Area hospitals stocked up on masks, other COVID-19 supplies

 

Greg Michel

Greg Michel

 

 

Slim Smith

 

 

During Gov. Tate Reeves' teleconference with county supervisors throughout the state Wednesday, Mississippi Emergency Management Agency director Greg Michel provided an update on the medical supplies needed to fight the COVID-19 virus.

 

Calling the current supply "woefully short of what our needs are," Michel said MEMA is establishing a supply chain that should relieve shortages around Mississippi.

 

"The supply of N95 (medical) masks continue to be woefully short, but we do have a large supply coming in within the next 48 hours and over the course of the next seven days, we should have a good stock across the board," he said.

 

 

"We're going to continue to take a push approach to logistics, meaning as long as we have material we are going to continue to push those materials out to the counties until we get a hands up to stop," he added. "We're still a couple of weeks away from being at that level, but that's our goal."

 

Baptist Memorial Hospital-Golden Triangle in Columbus and OCH Regional Medical Center in Starkville are not currently facing shortages of the supplies needed to fight the virus, hospital officials said.

 

"We have a good supply of the items we need," said Baptist Director of Materials Management Carl Carter. "We are getting the supplies we need from several different sources. Most are coming from our Baptist system contract vendors. We made an initial wish list to the state, but had to come back and amend it to itemize it and re-submit and are in the process of doing that now. Currently, we have everything we need to take care of our patients and keep our patients, staff and employees safe."

 

OCH is in a similar situation, said Public Relations Director Mary Kathryn Kight.

 

"Because we have been conservative with our PPE (personal protection equipment) and have had generous donations from the community at (Mississippi State University), we have the supplies we need at this time," Kight said. "At this point, our needs are being met."

 

Although hospitals are encouraged to continue to use their usual suppliers, Michel said the state is prepared to fill in gaps where supplies are low.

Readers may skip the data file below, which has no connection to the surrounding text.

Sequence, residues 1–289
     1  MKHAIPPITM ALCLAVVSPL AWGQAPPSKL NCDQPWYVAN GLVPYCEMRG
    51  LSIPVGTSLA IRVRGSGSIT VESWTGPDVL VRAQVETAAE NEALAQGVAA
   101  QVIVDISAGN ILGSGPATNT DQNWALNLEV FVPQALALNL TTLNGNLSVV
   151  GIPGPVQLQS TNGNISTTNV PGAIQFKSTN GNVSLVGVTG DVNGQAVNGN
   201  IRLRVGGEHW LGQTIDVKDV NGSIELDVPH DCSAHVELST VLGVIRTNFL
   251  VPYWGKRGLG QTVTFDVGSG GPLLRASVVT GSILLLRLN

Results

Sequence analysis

"Supplies are being delivered directly from here in Jackson to emergency management offices or, in some cases, directly to the hospitals," Michel said. "We're letting the counties make that decision, but emergency management is the point of contact for supplies."

 

Noting the tornado that hit Tishimingo County Tuesday evening, Michel said MEMA is making sure county emergency management departments have supplies needed to react to weather emergencies even as the state continues to build and distribute supplies to fight the COVID-19 virus.

 

"We know that we are going into what has historically been the most dangerous month of the year with regard to tornadoes, so (Tuesday) we sent guidance out to emergency management directors informing them that life safety must be the first priority over everything else," he said. "That means, 'Do we open a shelter during the COVID response?' The answer to that is, 'You absolutely open the shelter.' We've done the best we can to make sure emergency management in the counties have the appropriate materials they need to have set aside in the event they need to open a shelter."

 

Lowndes County Emergency Management Director Cindy Lawrence said her department has the supplies needed in the case of a weather emergency.

 

"We were discussing possibly opening a shelter (Tuesday night)," Lawrence said. "We do have a good supply, including about 250 masks. If we open a shelter, we'll go by the CDC guidelines as close as we can."

 

 

Slim Smith is a columnist and feature writer for The Dispatch. His email address is [email protected]

 

 

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